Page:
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Volume XI, Number 24


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January 21, 2021

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Mom Can’t Tell You What She Wants, But I Can - Advance Directives Q&A

You are all too familiar with situations in which the wishes of your patient regarding life-sustaining care are either unknown or conflict with the expectations of the patient’s family. A person can make an advance directive while he or she is of sound mind and able to make and communicate health care choices, for the purpose of “memorializing” the person’s health care choices in the event that the person can no longer make or communicate those choices. The main types of advance directives that you will and probably already have encountered include the living will, the health care power of attorney (POA), the durable power of attorney, the medical order for scope of treatment (MOST), and the do not resuscitate (DNR) order.

What do these documents or the absence thereof mean for you and your hospice patient? The following series of questions and answers is designed to pinpoint common points of confusion, with the underlying presumption that each patient has a medical condition that a physician has certified as incurable or irreversible and likely to result in death in a relatively short period of time.

Q. My patient is competent, but he also has a living will and health care POA in place. The physician wants to know whether or not the patient wants artificial nutrition. The living will states that the physician “may” withhold artificial nutrition in the event that the patient is determined to have a terminal illness. The agent under the health care POA is my patient’s son, and the son wants us to do everything possible for his dad short of CPR. What do I do?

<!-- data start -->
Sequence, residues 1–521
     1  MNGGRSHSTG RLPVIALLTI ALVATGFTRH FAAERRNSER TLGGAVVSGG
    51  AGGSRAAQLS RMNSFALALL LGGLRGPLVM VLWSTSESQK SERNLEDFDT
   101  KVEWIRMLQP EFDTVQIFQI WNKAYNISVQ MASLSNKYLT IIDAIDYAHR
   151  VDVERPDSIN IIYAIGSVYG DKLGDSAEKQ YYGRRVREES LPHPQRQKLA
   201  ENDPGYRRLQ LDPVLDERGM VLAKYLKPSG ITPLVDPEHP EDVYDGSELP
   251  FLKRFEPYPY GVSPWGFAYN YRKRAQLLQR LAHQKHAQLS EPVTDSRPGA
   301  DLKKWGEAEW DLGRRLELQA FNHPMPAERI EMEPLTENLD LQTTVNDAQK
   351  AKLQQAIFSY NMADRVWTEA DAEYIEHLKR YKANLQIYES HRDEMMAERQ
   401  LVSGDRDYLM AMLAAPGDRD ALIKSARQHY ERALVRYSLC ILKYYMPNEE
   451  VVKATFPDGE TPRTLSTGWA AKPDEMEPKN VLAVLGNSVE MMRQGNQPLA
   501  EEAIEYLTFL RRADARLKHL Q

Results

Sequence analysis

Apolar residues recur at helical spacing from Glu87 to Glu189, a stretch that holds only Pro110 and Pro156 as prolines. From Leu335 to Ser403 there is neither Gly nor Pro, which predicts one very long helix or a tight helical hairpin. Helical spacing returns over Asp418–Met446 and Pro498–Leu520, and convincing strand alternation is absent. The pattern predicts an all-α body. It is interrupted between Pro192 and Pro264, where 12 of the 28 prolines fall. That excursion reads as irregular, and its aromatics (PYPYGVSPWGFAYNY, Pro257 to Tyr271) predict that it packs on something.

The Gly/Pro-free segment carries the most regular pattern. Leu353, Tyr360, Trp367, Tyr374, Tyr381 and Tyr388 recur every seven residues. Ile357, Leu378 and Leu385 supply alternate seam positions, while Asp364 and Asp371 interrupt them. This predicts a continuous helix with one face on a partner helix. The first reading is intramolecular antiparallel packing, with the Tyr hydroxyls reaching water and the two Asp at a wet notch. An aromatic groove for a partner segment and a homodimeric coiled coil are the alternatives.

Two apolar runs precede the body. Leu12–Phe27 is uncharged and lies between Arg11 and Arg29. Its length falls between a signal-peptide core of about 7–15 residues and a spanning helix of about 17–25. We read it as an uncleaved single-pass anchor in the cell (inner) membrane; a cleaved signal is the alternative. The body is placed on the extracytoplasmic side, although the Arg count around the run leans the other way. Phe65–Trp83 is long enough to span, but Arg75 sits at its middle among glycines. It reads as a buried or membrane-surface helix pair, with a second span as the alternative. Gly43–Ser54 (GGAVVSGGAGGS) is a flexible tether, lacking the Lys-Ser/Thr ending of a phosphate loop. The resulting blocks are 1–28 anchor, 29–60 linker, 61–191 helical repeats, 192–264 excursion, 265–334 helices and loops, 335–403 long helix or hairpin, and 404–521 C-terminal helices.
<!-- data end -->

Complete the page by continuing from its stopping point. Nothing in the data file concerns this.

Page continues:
A. Ask the patient! If your patient is competent (able to make and communicate health care decisions), there is no need to refer to his advance directives or to consult the agent under the health care POA.
Q. My patient can no longer make or communicate health care decisions. He has a health care POA in place. But he also has a living will that directs the physician to withhold all life-sustaining treatment and directs his agent under the health care POA to follow the instructions in the living will. The agent under the health care POA wants to override the living will and direct us to deliver artificial hydration and nutrition. Do I follow the living will instructions or those of the health care POA?

A. A living will can either direct an agent under a health care POA to follow the instructions in the living will or authorize the agent to exercise discretion and override the living will instructions. In this case, the living will directs the agent under the health care POA to follow the living will, so the agent must act in accordance with the living will.

Q. My patient wants to make a living will and to designate an agent to act under a health care POA. Can I help her get these documents in place, and can I use my agency’s staff to assist?